As a screenwriter, I am fascinated by how susceptible we humans are to misbelief, superstition, and myth, I am reminded (daily) that we are now firmly in the fever pitch of mass mythologization and anathematization.
We’ve reached Gladwell’s Tipping Point and are through the looking glass in a dysmorphic, hyper-politicized realm of sinners and saints, demons and angels, and heaven and hell.
As with the most virulent beliefs there is an element of anosognosia to it. As Dan Dennett explains, “If some (beliefs) are culturally evolved parasites, we can expect them to be insidiously well designed to conceal their true nature from their hosts, since this is an adaptation that would further their own spread.”
In other words, one of the more insidious aspects of belief affliction is the afflicted one is typically the last one to know it. We see a lot of this today with the epidemic spread of Alzheimer’s disease and dementia.
In fact, one of the principle reasons we form identity-protecting group beliefs or ad populum congregations is to publicly reinforce the veracity of the fiction, even when it defies all logic and reason.
Is it reasonable to believe that the Supreme Creator of the Universe, presumably the greatest physicist and mathematician ever to exist, would contrive to incarnate as his own son and have himself brutally slaughtered in order to save his beloved creation from the 6,000 year-old curse of his own making?
Of course not, and yet as a world superpower in the 21st century we would be hard-pressed to elect a leader who openly questioned it.
Malcolm Gladwell describes the virulent nature of mass belief this way: “The tipping point is that magic moment when an idea, trend, or social behavior crosses a threshold, tips, and spreads like wildfire.”
In Aristotelian terms, be it Sophocles, or Mad Max: Fury Road, we gather in a confined arena (movie theater) to willfully (or perhaps autonomically) suspend disbelief and join in on the confrontational, and climactic catharsis (katharsis) to come.
According to the English poet Samuel Taylor Coleridge, in his 1817 “Biographia Literaria”: We are mandated… “to persons and characters supernatural, or at least romantic; yet so as to transfer from our inward nature a human interest and a semblance of truth sufficient to procure for these shadows of imagination that willing suspension of disbelief for the moment…”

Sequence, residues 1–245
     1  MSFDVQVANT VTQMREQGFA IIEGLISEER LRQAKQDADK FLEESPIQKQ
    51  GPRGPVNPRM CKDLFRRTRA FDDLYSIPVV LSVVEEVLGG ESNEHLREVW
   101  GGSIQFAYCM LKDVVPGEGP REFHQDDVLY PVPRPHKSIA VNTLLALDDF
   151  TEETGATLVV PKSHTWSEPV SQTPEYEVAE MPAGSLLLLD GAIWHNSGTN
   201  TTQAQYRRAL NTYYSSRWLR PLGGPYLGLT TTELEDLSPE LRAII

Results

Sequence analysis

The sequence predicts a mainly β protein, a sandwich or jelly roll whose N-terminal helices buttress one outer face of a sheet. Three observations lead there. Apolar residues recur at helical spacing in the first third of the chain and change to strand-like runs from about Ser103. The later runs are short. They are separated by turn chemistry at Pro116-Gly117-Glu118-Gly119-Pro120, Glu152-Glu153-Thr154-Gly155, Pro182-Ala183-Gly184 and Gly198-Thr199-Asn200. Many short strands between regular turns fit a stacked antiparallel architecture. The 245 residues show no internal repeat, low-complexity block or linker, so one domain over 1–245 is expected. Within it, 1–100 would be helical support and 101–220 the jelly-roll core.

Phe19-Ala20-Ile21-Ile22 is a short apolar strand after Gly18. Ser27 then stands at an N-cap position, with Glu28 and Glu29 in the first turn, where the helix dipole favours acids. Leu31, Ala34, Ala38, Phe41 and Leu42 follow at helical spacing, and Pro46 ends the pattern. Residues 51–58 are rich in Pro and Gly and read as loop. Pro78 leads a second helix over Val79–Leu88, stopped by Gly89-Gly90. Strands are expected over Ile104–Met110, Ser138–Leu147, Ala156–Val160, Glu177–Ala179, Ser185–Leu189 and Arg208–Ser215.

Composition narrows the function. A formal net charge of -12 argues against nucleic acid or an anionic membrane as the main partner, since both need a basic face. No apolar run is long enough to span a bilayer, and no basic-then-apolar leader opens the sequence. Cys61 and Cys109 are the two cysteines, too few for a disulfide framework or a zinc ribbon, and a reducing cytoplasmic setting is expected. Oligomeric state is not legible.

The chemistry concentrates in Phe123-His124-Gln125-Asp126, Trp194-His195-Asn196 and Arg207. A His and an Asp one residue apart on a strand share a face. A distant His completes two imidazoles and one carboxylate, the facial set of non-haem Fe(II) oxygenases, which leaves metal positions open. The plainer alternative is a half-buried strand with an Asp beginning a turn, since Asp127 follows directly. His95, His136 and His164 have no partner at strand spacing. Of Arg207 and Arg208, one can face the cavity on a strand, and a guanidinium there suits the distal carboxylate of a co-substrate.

Such is the nature of the human brain.
As, Virginia Woolf once wrote, “Love is a story we tell ourselves about someone else”.
We humans are prolific, if not, pathological storytellers, biologically destined to seek out phantoms and patterns where none exist, and make up shit about it:
We superimpose a human face on the Moon and weave a tale about an omniscient heavenly being overseeing our actions and deeds.
Of course, in our most primitive beguilements it didn’t hurt that said “White Goddess” also controlled the crops, tides and women’s menstrual cycles and spectacularly transformed into cow horns every month. (Etymologically we derive our words moon, month, menstrual, man and woman from the Sanskrit root “me”)
We see the pareidoliac image of a bearded face on a cheese sandwich and claim it to be that of Jesus– even when no physical description of Jesus is put forth from either Paul’s earliest Epistles or the Synoptic Gospels. (Apologist references to Josephus’ is widely considered a forgery of Eusebius, the Fourth Century “Father of Church History”)
So where does that leave us?
Should we continue to indulge these primitive Bronze age misbeliefs, or do we confront them?
With all the solace that religious beliefs bring, and much of the good they aspire to all over the world, what to speak of the ingenious art, music and architecture they have inspired, why not simply let them die out on their own?
Isn’t this what happened to the all the ten thousand other gods, goddesses and beliefs from antiquity?
I suspect these are questions we all need to ask whether it is our own impassioned political notions or habituated ideas about morality, creation and the meaning of existence.
As Joseph Campbell wrote in The Symbol without Meaning:
“Let us ask, therefore: What can the value or meaning be of a mythological notion which, in the light of modern science, must be said to be erroneous, philosophically false, absurd, or even formally insane? The first answer suggested will no doubt be the one that, in the course of the past century, has been offered many times by our leading thinkers. The value, namely, is to be studied rather as a function of psychology and sociology than as a refuted system of positivistic science, rather in terms of certain effects worked by the symbols on the character of the individual and the structure of society than in terms of their obvious incongruity as an image of the cosmos. Their value, in other words, is not that of science but of art: and just as art may be studied psychologically, as symbolic or symptomatic of the strains and structures of the psyche, so may the archetypes of myth, fairy tale, archaic philosophy, cosmology, and metaphysics.”